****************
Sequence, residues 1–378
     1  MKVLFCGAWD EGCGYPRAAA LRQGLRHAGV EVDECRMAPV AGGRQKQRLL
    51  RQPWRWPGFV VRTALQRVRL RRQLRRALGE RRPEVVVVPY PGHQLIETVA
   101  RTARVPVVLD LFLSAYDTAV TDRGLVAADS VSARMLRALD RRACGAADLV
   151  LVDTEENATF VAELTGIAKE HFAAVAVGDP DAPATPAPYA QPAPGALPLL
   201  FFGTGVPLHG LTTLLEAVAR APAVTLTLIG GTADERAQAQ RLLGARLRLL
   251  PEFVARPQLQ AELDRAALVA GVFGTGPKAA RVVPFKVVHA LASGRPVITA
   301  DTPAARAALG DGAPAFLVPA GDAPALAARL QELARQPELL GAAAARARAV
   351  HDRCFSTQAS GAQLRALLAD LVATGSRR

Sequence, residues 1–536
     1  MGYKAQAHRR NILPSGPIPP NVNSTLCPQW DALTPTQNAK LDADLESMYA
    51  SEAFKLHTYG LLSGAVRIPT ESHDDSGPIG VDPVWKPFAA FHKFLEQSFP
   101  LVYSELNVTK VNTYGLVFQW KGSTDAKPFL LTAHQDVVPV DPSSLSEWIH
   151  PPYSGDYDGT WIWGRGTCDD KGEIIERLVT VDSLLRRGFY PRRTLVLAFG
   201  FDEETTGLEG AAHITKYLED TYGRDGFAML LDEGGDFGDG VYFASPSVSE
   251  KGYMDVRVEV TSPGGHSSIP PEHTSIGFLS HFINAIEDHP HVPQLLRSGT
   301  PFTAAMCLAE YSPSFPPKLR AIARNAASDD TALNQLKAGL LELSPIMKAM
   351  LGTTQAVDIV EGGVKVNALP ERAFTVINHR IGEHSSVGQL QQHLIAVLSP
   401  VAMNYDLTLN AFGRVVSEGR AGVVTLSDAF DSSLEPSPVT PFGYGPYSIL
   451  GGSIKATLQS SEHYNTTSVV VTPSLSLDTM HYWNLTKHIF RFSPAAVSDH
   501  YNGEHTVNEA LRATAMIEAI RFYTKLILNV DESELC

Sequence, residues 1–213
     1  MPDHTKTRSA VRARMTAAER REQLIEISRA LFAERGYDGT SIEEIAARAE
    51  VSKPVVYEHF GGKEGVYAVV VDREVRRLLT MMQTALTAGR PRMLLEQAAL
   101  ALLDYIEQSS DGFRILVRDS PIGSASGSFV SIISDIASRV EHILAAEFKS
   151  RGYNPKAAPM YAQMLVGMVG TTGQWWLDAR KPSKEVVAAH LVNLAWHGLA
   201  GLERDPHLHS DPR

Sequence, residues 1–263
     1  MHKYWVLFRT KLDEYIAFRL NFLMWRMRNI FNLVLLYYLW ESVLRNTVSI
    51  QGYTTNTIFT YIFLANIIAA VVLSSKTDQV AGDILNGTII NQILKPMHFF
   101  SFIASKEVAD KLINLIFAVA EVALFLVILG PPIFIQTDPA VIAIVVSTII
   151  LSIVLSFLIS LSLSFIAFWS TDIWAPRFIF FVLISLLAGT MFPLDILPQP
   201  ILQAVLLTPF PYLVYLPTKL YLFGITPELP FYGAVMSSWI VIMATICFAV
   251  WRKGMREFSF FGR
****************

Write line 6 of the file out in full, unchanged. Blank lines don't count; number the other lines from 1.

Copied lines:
   201  FFGTGVPLHG LTTLLEAVAR APAVTLTLIG GTADERAQAQ RLLGARLRLL